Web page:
With the mount construction and mock transom done, there are still major work areas ahead. We will be finalizing and testing the steering designs being developed by Brian and Otto, as well as starting testing on the PVC composites being developed by Marco, Will, and Elizabeth using one of the stress testers on campus. The next big step will be assembling the pulleys and belts which constitute the drive train in order to assess the Trifecta's performance and work out any kinks.
Aside from construction related issues, we recently received word that our SURG grant for Shape Optimization and Sensitivity Analysis for Use in Designing Optimal Solid Structures was awarded $500 for research next semester. This is exciting news as it provides a good direction for interesting solid mechanics research next year.

That's all for now, and remember to keep the spirit of freedom alive.
- Mark Fuge

66 Days to go!

The cold has not been slowing down CMSS's momentum. We have been very busy (as always) and have a few exciting things to tell you.
We have fiberglassed in ribbing with great success. The ribs were placed in the rear half of the boat and were custom carved from foam and covered in fiberglass. The ribs have made the boat much more solid. The addition of rigid foam in the bow will further prevent the boat from twisting. After installing the ribs, we turned the boat over and turned to our old friend, Bondo. This bondo-ing was much more intense than the application on the foam plug because we were creating the actual outer surface of the boat. It had to be perfect, and that is what we did. Using our eagle eyes, and our incredible spackling skills, we made sure to cover and improve any blemish on the fiberglass. We then sanded the entire boat with three different grits of sandpaper to make it smoother than a baby's bottom. As I write this, primer is being sprayed on the hull and by week's end; the base coat of paint should be dry. It is quite something to see, and we are all very proud of what we have accomplished.
We see the finish line in the propulsion group. The mount is complete, the propellers are being ordered (and then will be tested to see which will work best), a mock transom has been constructed, and the lower unit is nearing a final design and construction. Marco and Will will be running some tests on the strength of PVC piping which will determine how we want to construct our lower unit. Mark Fuge has done numerous calculations regarding how to efficiently shape the transom for a flawless integration between the hull and propulsion system. Brian and Otto are finalizing the steering design. We will be ready to test our system by the time the hull is completed.
The power dissipater is done and will be used to cycle our batteries. The batteries need to be cycled to achieve the optimum efficiency. This will be done very carefully as we will be mixing high voltage/amperage and water.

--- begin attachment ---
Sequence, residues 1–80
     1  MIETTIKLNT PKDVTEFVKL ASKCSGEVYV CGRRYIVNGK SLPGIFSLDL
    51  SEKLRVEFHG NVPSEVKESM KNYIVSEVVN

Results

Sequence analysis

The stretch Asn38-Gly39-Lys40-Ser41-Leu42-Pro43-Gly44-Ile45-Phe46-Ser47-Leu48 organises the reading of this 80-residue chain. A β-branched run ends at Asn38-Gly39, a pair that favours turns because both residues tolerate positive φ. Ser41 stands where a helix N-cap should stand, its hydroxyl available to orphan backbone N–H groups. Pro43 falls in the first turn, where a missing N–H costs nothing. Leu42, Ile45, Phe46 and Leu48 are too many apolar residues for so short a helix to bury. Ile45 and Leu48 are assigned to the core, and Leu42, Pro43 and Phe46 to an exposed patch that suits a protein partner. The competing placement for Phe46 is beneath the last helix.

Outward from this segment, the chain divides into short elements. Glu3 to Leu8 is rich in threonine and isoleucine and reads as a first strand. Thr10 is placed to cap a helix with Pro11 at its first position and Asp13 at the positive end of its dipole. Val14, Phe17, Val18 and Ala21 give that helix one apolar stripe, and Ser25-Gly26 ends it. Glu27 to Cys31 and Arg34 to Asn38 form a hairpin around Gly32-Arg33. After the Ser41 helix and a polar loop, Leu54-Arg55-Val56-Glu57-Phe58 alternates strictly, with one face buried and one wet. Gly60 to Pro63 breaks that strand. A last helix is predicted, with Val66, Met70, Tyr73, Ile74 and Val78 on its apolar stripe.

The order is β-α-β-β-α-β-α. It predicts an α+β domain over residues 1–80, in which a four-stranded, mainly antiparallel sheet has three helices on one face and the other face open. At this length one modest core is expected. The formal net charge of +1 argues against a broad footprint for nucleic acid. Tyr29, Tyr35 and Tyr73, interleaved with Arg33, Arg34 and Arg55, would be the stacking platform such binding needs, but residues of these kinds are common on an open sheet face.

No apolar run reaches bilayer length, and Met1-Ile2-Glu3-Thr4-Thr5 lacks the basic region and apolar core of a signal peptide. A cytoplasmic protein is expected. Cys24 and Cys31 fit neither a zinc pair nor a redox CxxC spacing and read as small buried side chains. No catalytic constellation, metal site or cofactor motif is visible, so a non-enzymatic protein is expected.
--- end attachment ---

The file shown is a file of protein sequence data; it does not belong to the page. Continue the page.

We are nearing the end of the construction as you have read and hope to test the boat on a local lake after spring carnival. Moral is very high and excited to show off what we have done in all disciplines of this project.

and now, some pictures!

Will, Josh, and Lluis work on the gunnel and ribbing.

Some of the ribs in layed in the hull.

Hard working silhouettes

Mike, Will, and Josh keep a strict eye on the vacuum bagging for the ribs.

Andrew Moore applies the first primer layer to the fiberglassed hull while Will, Jen, and Riddh look on
Some might see this as a mess...
But really it is extra foam to be used later for floatation.

Kevin and Winston work together to get the needed wire for the power dissipater.

The finished product to be used to dissipate the batteries.

The mock transom with the lower unit

The 99% finished motor mount.

The start (motor) and finish (propeller) of the propulsion group.

Jen and Andrew being constructive while the primer dried.

Josh and Jen had a slight misunderstanding that turned violent. (Jen won of course!)

The variety of Bondo products used over the past weeks.

The hull after the first layer of primer (looks like chocolate right?)

The transom before priming, but after the various bondo layers.

The transom after adjustments were made to accomodate the motor mount.

A chocolate boat: mmm mmm, if only there was cookie dough inside...

Another long post, i know, but you must forgive me. I get really excited and can't stop typing!!
All the best,

April 2, 2007

Getting there

Over the weekend, we worked diligently to fix any imperfections on the interior and exterior of the fiberglass. We also have started to make the ribbing to be placed inside the boat for added rigidity. We plan to fiberglass the ribs to the hull tonight, so stay tuned to hear how that went.
The propulsion team is approaching its deadline of April 6 (Friday) and is currently machining the last few parts of the motor mount.
The power management team has made a device to dissipate a massive amount of power while testing and optimization of the batteries.

In lieu of pictures, I have a video. Our webmaster, Will, has made the video of the hull fiberglassing available on the official CMSS website. Please take a look and enjoy. Time Lapse Footage